Secondly, the judge held that if the arbitration concerning whether or not there were Unacceptable Planning Conditions had been completed, the third party would have found that the conditions were not unacceptable ones.  Rentokil would have won and TW would have been forced to complete the purchase.  The reason for Mr Brown’s agreement of a reduced price with TW was because he was afraid that TW would not have the funds to complete at the full price.

For both reasons, therefore, the action against Goodman Derrick failed.

In passing

The case reminds us of two age-old rules.

First, remember when writing any letter (or, in this modern era, e-mail), it might possibly end up being read out in court.  Mr Steele’s e-mail to Mr Brown, anticipating the possibility that TW might be looking for an exit, arguably fails that test.  Mr Brown wrote:

“In view of the softening of the market generally and recent difficulties that [TW] appear to be in, please be particularly alive to the possibility of some slowing of their activity. Please let me know if this is, or becomes apparent. At the moment it seems as if they are still proceeding but I’m always waiting for the call from them wishing to renegotiate.”

Mr Steele wrote back:

“Your thoughts are well founded and we are of course alive to the possibility that they will try and f*ck up the planning appeal …”

(Disappointingly, the transcript gives no clue whether the asterisk was in the original e-mail or was inserted by the judge in his transcript.  My guess is that it was in the original e-mail, but I’m still not convinced that it was an appropriate comment to write.)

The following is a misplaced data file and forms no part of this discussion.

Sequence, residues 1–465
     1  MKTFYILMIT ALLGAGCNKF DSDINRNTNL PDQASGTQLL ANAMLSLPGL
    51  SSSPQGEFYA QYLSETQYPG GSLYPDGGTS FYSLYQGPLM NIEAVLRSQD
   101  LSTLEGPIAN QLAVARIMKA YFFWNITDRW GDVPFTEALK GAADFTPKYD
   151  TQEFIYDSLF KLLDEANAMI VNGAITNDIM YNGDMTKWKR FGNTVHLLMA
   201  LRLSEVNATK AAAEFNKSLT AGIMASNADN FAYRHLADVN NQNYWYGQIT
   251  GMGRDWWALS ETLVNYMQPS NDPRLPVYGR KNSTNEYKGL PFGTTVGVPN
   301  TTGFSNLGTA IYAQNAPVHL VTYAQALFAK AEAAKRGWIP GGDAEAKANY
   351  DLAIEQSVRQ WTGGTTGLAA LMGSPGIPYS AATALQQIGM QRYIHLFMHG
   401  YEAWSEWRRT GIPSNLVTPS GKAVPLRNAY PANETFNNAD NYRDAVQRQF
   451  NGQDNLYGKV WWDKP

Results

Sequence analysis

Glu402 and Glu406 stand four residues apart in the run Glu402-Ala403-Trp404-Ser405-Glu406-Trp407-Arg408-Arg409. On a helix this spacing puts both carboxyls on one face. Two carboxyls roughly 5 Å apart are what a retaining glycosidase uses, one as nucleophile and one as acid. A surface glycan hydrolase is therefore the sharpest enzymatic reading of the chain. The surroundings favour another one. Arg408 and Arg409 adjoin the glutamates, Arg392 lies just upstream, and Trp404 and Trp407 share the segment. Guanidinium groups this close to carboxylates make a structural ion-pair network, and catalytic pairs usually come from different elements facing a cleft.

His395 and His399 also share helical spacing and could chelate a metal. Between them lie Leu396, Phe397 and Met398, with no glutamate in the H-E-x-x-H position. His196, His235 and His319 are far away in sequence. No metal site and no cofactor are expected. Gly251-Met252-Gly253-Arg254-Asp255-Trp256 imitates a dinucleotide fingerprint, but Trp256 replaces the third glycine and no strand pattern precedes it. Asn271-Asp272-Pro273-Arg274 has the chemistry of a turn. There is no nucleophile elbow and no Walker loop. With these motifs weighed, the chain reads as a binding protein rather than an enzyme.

Secondly, double-check the drafting of the contract.  An unfortunate formatting error crept into one of the already-complex provisions.  One of the Unacceptable Planning Conditions, number 11, started off as this:

“11 Imposing an obligation: —

11.1 which cannot be complied with without the agreement of a Competent Authority or third party (including without limitation one requiring the construction of highway or drainage works) or

11.2 which prevents the commencement of the carrying out of and/or the use or occupation of the whole or any part of the Development unless and until a condition has been complied with which cannot be satisfied without the agreement of the Competent Authority or third-party

and which cannot in the reasonable opinion of the Buyer be obtained on terms or at a cost or within a timescale acceptable to the Buyer.”

but after the contract had been revised, it accidentally became:

“10. Imposing an obligation: —

10.1 which cannot be complied with without the agreement of a Competent Authority or third party (including without limitation one requiring the construction of highway or drainage works) or